Nearly every job interview ends the same way: “Do you have any questions for me?” Of course, one of the worst possible interview answers is simply “no”. But there are a whole bunch of other frequently asked questions that aren’t much better.
These bad questions aren’t offensive. They are simply being asked at the wrong time. The interview process is a time for you to demonstrate your interest in the company and its culture. It’s a time to show that you’re a great team member and a hard worker. You want the company to buy into one basic premise: you’re the best person for the job and they’ve got to have you.
Like it or not, it’s not a time to ask about the logistics of the job. In my years working as an executive recruiter, I’ve seen far too many great candidates lose out by being unaware what not to say in an interview. Here are my top seven questions not to ask in an interview:
How much does the job pay?
Although it can be incredibly frustrating for job seekers, it’s simply not good form to ask about salary during the interview process. This tops the list of hiring manager pet peeves. It makes the interviewer think you care more about money than their fantastic company. Save the salary talk for the negotiations once you get the offer. In fact, if the interviewer asks what salary you’re looking for, try to deflect the question. You’re in the strongest position to talk money after the offer has been extended.
What benefits do you offer? What kind of heath coverage do you have? How many vacation days do I get?
The same thing applies to all of these questions. Benefits are a great thing to discuss during salary negotiations but not during the interview. In the negotiation period, everything is on the table.
What are the hours?
Employers want to hire people who do whatever needs to be done to get the job done. In today’s world that often means being available 24/7. Asking about hours makes it appear you lack commitment. Maybe you simply have a legitimate concern like whether you’ll be able to pick up your kids but save these questions for later. Once the company wants to hire you, they’ll find a way to work with you on things like that.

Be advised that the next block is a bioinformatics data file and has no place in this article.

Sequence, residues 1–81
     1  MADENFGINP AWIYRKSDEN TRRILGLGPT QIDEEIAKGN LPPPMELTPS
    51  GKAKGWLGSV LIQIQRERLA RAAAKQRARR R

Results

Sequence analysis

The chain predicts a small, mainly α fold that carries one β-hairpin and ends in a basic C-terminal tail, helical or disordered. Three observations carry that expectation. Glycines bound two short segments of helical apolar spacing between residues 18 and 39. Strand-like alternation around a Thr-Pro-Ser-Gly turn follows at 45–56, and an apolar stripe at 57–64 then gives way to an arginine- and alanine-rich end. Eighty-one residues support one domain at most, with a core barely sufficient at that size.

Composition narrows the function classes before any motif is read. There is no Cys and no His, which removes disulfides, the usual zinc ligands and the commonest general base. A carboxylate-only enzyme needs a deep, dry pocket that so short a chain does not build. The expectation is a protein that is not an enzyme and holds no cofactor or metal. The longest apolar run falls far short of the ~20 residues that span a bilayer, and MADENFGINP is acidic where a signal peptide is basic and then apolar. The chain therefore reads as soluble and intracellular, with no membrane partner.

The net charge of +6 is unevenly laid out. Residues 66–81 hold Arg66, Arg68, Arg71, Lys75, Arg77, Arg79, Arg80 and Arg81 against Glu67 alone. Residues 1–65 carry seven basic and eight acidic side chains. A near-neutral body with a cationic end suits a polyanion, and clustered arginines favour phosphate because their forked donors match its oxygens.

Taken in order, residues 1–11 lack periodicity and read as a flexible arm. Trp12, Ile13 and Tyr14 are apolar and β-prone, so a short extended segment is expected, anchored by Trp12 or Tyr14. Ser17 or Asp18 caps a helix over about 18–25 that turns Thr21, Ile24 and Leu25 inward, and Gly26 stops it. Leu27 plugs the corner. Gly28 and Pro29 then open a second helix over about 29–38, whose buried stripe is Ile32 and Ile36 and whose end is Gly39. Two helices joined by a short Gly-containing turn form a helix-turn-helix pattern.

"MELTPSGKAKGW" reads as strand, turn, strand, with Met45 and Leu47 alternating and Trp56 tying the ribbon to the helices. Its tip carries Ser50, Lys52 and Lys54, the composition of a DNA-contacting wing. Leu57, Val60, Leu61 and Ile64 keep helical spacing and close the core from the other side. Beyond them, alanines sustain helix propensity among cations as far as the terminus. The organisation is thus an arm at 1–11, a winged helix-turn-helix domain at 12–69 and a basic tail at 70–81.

Can I telecommute?
Yikes, you haven’t even gotten the job yet and you want special treatment? Telecommuting or any other type of flexible schedule is something that you usually earn by working hard and making yourself invaluable. You’re also implying you have a difficult schedule or don’t work well with others.
What kind of support staff or help will I have?
This question can come across as presumptuous and arrogant while also implying that you may not be up to the job without assistance. You can probably get the same information framed more positively by asking, “How are your teams structured?” or “What is the structure of this department?”
When can I expect to be promoted?
By asking this you’re saying that you’re not that interested in the position you’re applying for but are actually eying a bigger role. Instead, emphasize you’re looking for a long term role with future growth opportunities – key word being “future” – and ask about the company’s history with internal promotions or what the career trajectory has been for people in this role.
Am I allowed to freelance on the side?
This isn’t a concern in the Accounting and Finance industries where I work but it is in some (usually creative) industries like graphic design and journalism. If this applies to you, don’t ask the question during the interview. You want the company to feel certain that they’re getting your complete attention and your best work.
There is a time and a place for all of these questions but it’s not during the interview. Stay focused on getting the job and leave the details for later.
What other questions do you consider inappropriate in an interview? Share them in the comments.
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